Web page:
Introduction:As healthcare costs continue to increase in the United States, it is important to understand the trends in the allocation of healthcare spending for common orthopaedic surgical procedures. We investigated the recent trends in (1) total net payments (for episode of care), (2) payments to hospitals, (3) payments to physicians, (4) payments to physicians as a percentage of total net payments, and (5) regional variation in hospital and physician payments for four common orthopaedic procedures.Methods:Using a private insurance claims database, we analyzed the payments to US hospitals and physicians from 2010 to 2016 for primary total hip arthroplasty (THA) (n = 128,269), total knee arthroplasty (TKA) (n = 223,319), 1-level anterior cervical diskectomy and fusion (ACDF) (n = 51,477), and 1-level lumbar-instrumented posterior spinal fusion (PSF) (n = 45,680). Regional variations in payments were also assessed. Trends were analyzed using linear regression models adjusting for age, sex, comorbidities, duration of hospital stay, and inflation (alpha = 0.05).Results:Inflation-adjusted total net payments for the episode of care increased by the following percentages per year: 5.2% for ACDF, 3.2% for PSF, 2.9% for TKA, and 2.6% for THA. Annual inflation-adjusted hospital payments increased significantly for all 4 procedures, whereas annual inflation-adjusted physician payments decreased by -2.2%/year for PSF, -1.5%/year for TKA, -1.1%/year for THA, and -0.4%/year for ACDF (all, P < 0.001). As a percentage of total net payments, physician payments decreased markedly for ACDF (-4.6%), PSF (-3.1%), TKA (-2.1%), and THA (-1.8%). Hospital and physician payments varied significantly by region and were both highest in the West (P < 0.001).Conclusions:From 2010 to 2016, inflation-adjusted total net payments for 4 common orthopaedic surgical procedures increased markedly, as did payments to the US hospitals for these procedures. Payments to orthopaedic surgeons for these procedures decreased markedly during the same period.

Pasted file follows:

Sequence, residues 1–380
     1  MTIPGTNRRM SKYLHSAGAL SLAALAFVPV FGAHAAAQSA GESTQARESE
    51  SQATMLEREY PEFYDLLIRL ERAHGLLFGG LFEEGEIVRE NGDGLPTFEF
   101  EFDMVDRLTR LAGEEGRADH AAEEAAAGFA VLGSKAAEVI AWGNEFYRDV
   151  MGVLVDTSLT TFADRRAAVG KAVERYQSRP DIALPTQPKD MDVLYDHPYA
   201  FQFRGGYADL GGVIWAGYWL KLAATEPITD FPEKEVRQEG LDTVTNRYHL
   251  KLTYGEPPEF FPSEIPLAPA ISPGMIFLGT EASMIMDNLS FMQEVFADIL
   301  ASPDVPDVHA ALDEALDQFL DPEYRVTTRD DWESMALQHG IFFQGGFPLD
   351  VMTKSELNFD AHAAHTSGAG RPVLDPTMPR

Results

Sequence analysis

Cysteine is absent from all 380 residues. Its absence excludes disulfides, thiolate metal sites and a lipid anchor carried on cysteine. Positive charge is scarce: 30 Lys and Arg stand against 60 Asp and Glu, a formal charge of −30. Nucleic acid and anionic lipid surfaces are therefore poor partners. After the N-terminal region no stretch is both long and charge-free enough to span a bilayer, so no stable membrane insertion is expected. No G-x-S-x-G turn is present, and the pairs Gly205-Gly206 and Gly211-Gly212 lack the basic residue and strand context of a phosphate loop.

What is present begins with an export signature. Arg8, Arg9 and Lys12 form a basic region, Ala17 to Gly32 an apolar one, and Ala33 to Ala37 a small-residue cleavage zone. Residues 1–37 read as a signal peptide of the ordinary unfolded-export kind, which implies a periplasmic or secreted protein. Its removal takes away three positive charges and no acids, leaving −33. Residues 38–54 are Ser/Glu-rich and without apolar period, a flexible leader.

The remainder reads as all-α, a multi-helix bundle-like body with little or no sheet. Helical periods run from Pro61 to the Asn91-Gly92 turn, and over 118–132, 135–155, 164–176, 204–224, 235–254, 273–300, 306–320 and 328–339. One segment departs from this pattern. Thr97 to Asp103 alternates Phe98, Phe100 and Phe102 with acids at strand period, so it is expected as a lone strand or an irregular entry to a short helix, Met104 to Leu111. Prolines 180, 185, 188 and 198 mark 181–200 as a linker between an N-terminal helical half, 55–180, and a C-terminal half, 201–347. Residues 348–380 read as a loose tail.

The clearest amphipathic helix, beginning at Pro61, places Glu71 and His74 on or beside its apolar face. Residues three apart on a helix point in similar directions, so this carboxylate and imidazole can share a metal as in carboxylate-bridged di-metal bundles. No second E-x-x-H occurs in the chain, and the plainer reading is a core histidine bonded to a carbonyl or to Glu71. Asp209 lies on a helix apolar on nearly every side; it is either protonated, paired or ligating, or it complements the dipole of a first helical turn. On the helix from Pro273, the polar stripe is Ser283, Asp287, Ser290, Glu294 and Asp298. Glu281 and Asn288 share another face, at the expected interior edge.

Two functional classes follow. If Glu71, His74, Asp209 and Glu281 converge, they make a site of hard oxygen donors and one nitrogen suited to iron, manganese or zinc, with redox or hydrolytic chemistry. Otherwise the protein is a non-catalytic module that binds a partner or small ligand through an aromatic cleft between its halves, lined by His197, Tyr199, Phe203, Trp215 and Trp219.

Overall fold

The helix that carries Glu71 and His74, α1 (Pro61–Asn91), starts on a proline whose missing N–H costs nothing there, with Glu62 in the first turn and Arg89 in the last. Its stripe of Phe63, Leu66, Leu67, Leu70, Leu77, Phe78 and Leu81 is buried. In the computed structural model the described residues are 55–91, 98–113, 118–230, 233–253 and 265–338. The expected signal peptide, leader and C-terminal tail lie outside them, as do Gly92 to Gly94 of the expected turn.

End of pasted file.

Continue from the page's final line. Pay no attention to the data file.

|Original language||English (US)|
|Journal||Journal of the American Academy of Orthopaedic Surgeons Global Research and Reviews|
|State||Published - 2020|
ASJC Scopus subject areas
- Orthopedics and Sports Medicine